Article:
1H-NMR (300 MHz, CDCl3): 7.55 [d,J=6.1,HC(4)cis]; 6.16 [m,HC(4)trans, HC(5)]; 5.71 [s,HC(2)trans]; 5.62 [s,HC(2)cis]; 4.13 [m,H2C(1′″)]; 2.31 [m,HC(3′)]; 2.29 [s,CH3C(3)trans]; 2.12 [m,HC(2′)]; 2.00 [s, CH3C(3)cis]; 1.96 [m,HC(4′)]; 1.80 [m,HC(5′)]; 1.55 [m,HC(4′), HC(5′)]; 1.27 [t,J=6.2, Me(2′″)]; 1.24, 1.22, 1.18, 1.16, 1.15, 1.14 [6s, CH3C(1′), CH3C(1″), CH3(2″)].

13C-NMR (75.5 MHz, CDCl3): 167.3/166.4 [C(1)]; 152.4/151,1 [C(3)]; 141.8/140.4 [C(5)]; 134.6/128.9 [C4)]; 117.9/115.9 [C(2)]; 85.5/85.4 [C(1′)]; 73.3/73.2 [C(1″)]; 59.6/59.5 [C(1′″)]; 57.7/57.4 [C(2′)]; 54.6/54.3 [C(3′)]; 40.5 [C(5′)]; 28.3/28.2 [C(2′)]; 27.7/27.2 [CH3C(1′)]; 26.1/25.9 [CH3C(1″)]; 25.4/25.2 [C(4′)]; 21.2 [CH3C(3)]; 14,3/13,8 [C(2′″)].

IR (CHCl3): 3550 w, 2965 s, 2875 m, 2455 w, 1690 s, 1630 s, 1610 s, 1450 m, 1375 s, 1350 m, 1250 s, 1150 s, 1090 s, 1040 s, 1015 m, 1000 m, 975 m, 940 m. MS (EI, 70 eV, 150 C.): 368 (M+,98); 353 (12); 335 (11); 309 (98), 278 (21), 263 (21); 232 (15), 174 (20); 143 (100); 73 (34).

EXAMPLE 11 Reduction and Deprotection XIV→XV

200 mg (0.54 mmol) of ethyl 5-[5-(1-hydroxy-1-methylethyl)-2-methyl-2-trimethylsilyloxy-cyclopentyl]-3-methyl-penta-2,4-dienoate in 3 ml of hexane were cooled to −65 C. under argon and 4 ml of a 1M solution of disobutyl aluminium hydride were sprayed in such a manner that the temperature of the reaction mixture did not rise above −60 C. The solution was warmed to room temperature within an hour. Then 3 ml of saturated ammonium chloride solution were sprayed in cautiously, the separated aqueous phase was extracted three times with ethyl acetate and the combined organic phases were evaporated, dissolved in 6 ml of tetrahyrofuran and treated with 0.5 ml of 2 M hydrochloric acid. The resulting solution was stirred for 30 minutes and partitioned between ethyl acetate and water, and the separated aqueous phase was extracted three times with ethyl acetate. The combined organic phases were dried over anhydrous magnesium sulphate and evaporated, and the residue was subjected to flash column chromatography using silica gel and a mixture of 30-100% ethyl acetate in hexane.

In this manner there were obtained 20 mg (14.5% of the theoretical yield) of 5-[2-hydroxy-5-(1-hydroxy-1-methylethyl)-2-methyl-cyclopentyl]-3-methyl-penta-2,4-dien-1-ol as a white solid.

1H-NMR (300 MHz, dimethyl sulphoxide): 6.27 [d,J=15.8,HC(4)]; 5.94 [d,J=15.8,HC(4)]; 5.67 [dd,J=15.6; 8.4,HC(5)]; 5.60 [dd,J=15.8; 8.6,HC(5)]; 5.43 [t,J=6.6,HC(2)]; 5.30 [t,J=6.6,HC(2)]; 4.53 [t,J=6.6,OH]; 4.05 [m,H2C(1)]; 3.88 [t,J=6.6;OH]; 3.33 [s,OH]; 2.03 [m,HC(2′),HC(3′)]; 1.76 [s,CH 3C(3)]; 1.75 [m,HC(5′)]; 1.68 [s,CH3C(3)]; 1.56 [m,HC(4′), HC(5′)]; 1.44 [m,HC(4′)]; 1.06/1.05/1.01/0.98/0.97 [5s,CH3C(1′),CH3C(1″),CH3(2″)].

13C-NMR (75.5 MHz, dimethyl sulphoxide): 135.1/132.2 [C(5)]; 134.7/127.3 [C(4)]; 129.9/128.4 [C(2)]; 57.7/56.9 [C(1)]; 55.6/55.4 [C(2′)]; 53.9/53.8 [C(3′)]; 40.4/40.3 [C(5′)]; 29.9/29.8/27.8/27.6/26.2 [CH3C(1′),CH3C(1″),C(2″)]; 24.5 [C(4′)]; 20.6/12.6 [CH3C(3)].

IR (CHCl3): 3685 m, 3610 m, 3420 m, 3010 s, 2970 s, 2925 m, 1605 m, 1515 w, 1420 m, 1380 m, 1230 s, 1050 m, 1030 m, 1010 m, 975 w, 930 m. MS (EI, 70 eV, 150 C.): 236 (M+-18.18); 218 (14); 203 (12); 178 (61), 160 (25), 145 (25); 120 (100); 105 (39); 93 (22); 59 (18); 43 (24).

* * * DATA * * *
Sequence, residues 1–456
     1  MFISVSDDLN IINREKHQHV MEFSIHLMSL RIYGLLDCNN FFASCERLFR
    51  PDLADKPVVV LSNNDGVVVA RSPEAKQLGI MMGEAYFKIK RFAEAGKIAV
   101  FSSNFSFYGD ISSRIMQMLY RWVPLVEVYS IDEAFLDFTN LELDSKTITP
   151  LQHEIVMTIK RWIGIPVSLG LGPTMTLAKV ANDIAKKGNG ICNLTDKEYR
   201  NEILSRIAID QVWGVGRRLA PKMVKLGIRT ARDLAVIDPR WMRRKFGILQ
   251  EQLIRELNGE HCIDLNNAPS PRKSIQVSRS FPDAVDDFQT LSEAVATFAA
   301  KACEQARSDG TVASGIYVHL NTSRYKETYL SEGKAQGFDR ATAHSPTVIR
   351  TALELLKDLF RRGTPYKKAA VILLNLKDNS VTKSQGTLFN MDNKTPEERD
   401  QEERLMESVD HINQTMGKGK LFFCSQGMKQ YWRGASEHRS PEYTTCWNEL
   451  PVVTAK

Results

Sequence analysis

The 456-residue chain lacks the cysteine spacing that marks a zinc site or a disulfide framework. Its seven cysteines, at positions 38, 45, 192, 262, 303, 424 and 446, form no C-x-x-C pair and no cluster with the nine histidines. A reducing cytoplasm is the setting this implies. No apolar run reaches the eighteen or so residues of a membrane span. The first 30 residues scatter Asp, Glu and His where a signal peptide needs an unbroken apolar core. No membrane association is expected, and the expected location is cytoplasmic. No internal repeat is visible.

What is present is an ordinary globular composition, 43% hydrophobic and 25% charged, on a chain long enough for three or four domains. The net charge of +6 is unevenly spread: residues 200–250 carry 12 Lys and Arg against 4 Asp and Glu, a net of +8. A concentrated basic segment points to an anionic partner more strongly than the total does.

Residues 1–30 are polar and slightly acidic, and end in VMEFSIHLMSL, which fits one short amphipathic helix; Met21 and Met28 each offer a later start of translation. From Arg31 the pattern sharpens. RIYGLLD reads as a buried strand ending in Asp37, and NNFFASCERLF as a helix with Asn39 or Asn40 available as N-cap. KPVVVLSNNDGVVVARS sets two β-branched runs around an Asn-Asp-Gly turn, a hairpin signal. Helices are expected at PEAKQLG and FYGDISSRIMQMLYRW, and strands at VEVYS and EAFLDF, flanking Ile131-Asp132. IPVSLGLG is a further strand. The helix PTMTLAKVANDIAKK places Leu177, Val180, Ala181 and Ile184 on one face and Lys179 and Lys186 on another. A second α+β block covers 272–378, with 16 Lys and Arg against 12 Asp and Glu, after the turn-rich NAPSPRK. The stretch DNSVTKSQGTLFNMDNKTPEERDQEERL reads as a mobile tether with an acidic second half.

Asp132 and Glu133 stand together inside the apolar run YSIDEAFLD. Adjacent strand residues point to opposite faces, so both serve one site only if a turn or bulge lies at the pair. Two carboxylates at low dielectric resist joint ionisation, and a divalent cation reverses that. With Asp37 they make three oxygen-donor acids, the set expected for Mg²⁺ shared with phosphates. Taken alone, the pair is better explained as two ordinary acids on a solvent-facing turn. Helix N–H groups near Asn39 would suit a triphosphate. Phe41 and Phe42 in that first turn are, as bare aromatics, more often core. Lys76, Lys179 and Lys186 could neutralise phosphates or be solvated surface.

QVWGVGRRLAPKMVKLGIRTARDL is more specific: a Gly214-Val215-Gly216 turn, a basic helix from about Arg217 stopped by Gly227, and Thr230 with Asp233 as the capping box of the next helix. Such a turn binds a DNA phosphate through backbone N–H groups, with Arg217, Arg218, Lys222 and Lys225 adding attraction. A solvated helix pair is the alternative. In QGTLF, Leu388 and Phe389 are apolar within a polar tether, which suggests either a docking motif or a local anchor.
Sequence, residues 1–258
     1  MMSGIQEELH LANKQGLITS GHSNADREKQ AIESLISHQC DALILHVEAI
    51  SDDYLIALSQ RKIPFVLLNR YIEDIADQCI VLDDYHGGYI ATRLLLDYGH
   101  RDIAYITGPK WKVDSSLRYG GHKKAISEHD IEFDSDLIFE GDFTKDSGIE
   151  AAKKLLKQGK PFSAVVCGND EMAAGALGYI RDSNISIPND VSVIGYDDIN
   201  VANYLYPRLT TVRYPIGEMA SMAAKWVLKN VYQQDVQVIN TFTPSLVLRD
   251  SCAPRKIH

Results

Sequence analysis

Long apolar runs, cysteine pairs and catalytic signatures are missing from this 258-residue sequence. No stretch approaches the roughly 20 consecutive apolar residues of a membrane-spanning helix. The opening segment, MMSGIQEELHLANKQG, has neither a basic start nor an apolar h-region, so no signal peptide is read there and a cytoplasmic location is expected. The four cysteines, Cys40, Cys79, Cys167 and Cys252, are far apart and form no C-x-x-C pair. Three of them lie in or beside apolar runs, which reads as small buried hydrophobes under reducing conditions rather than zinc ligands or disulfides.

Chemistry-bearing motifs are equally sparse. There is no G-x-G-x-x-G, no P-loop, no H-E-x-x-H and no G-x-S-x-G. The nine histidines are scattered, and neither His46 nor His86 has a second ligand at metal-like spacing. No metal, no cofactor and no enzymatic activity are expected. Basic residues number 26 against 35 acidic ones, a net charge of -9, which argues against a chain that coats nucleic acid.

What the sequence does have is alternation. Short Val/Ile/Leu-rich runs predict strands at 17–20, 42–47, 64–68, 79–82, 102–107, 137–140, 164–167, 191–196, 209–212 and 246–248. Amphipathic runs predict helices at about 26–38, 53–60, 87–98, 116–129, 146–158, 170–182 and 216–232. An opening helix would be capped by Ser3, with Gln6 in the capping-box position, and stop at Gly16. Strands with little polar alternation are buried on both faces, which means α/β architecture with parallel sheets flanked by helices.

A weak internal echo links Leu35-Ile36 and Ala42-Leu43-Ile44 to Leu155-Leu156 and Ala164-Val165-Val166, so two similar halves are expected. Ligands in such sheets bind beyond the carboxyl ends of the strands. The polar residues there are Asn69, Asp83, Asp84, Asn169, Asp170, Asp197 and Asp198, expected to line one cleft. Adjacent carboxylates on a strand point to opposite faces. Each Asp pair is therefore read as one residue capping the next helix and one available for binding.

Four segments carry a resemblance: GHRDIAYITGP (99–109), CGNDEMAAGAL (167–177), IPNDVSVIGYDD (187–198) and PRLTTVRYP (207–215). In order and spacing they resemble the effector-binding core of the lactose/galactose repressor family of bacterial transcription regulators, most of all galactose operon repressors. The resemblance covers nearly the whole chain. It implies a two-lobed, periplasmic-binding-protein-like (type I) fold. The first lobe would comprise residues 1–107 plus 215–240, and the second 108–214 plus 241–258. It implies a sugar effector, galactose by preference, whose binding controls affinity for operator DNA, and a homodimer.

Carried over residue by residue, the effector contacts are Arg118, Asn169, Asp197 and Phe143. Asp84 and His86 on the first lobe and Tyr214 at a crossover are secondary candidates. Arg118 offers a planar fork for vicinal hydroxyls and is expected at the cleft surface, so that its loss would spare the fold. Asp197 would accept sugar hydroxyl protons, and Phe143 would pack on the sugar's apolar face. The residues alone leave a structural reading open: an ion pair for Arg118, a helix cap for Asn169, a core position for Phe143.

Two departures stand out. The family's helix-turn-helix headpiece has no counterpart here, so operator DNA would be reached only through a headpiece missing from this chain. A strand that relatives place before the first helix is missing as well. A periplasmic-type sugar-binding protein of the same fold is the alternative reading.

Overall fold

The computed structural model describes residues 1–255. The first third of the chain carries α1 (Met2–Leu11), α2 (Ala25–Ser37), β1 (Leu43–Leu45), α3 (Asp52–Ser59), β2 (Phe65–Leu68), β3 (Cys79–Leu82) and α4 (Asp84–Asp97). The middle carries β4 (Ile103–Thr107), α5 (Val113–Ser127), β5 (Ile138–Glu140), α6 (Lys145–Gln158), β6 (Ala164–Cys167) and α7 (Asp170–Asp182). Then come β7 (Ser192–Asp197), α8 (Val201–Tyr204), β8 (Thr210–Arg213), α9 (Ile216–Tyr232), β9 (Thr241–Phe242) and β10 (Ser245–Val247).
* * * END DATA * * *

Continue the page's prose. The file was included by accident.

EXAMPLE 12 Phosphonium Salt Formation XV→X

20 mg (0.078 mmol) of 5-[2-hydroxy-5-(1-hydroxy-1-methylethyl)-2-methyl-cyclopentyl]-3-methyl-penta-2,4-dien-1-ol and 30 mg (0.086 mmol) of triphenylphosphonium bromide were dissolved in 2 ml of methanol and the solution was stirred at room temperature for 29 hours under nitrogen and with the exclusion of light. Thereafter, the reaction mixture was introduced into about 100 ml of ice-cold tert.butyl methyl ether and the phosphonium salt produced in this manner precipitated. After decantation of the supernatant and filtration the collected precipitate was washed with tert.butyl methyl ether and dried under reduced pressure.

In this manner there were obtained 29.3 mg (65% of the theoretical yield) of (5-[2-hydroxy-5-(1-hydroxy-1-methylethyl)-2-methyl-cyclopentyl]-3-methyl-penta-2,4-dienyl) triphenylphosphonium bromide as a white solid. This product can be converted into 2.6-cyclolycopene-1,5-diol in accordance with Examples 8 and 9.

Patent Citations
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Classifications
U.S. Classification556/482, 556/465, 568/379, 568/382, 556/441, 568/838, 568/420, 560/121
International ClassificationC07C29/46, C07C29/36, C07C35/06, C07C29/44, C07C47/21, C07C67/02, C07C27/02, C07C67/29, C07C29/32, C07C47/267, C07C69/14, C07F9/28, C07F9/54, C07C47/02, C07C49/24, C07C69/16, C07C29/00, A61P43/00, C07C45/68, C07F7/08, C07C49/105, C07C69/02, C07C49/203, C07C47/198, C07C33/12, C07F7/18, C07F7/04
Cooperative ClassificationC07C29/32, C07C47/267, C07F9/5435, C07C45/68, C07C35/06, C07C67/29
European ClassificationC07F9/54A3, C07C35/06, C07C29/32, C07C47/267, C07C67/29, C07C45/68
Legal Events
DateCodeEventDescription
Sep 29, 2009FPExpired due to failure to pay maintenance fee
Effective date: 20090807
Aug 7, 2009LAPSLapse for failure to pay maintenance fees
Feb 16, 2009REMIMaintenance fee reminder mailed
Feb 7, 2005FPAYFee payment
Year of fee payment: 4
Jun 14, 2004ASAssignment
Owner name: DSM NUTRITIONAL PRODUCTS, INC., NEW JERSEY
Free format text: ASSIGNMENT OF ASSIGNORS INTEREST;ASSIGNOR:ROCHE VITAMINS INC.;REEL/FRAME:015452/0973
Effective date: 20030929
Owner name: DSM NUTRITIONAL PRODUCTS, INC. 43 WATERVIEW BLVD.P
Free format text: ASSIGNMENT OF ASSIGNORS INTEREST;ASSIGNOR:ROCHE VITAMINS INC. /AR;REEL/FRAME:015452/0973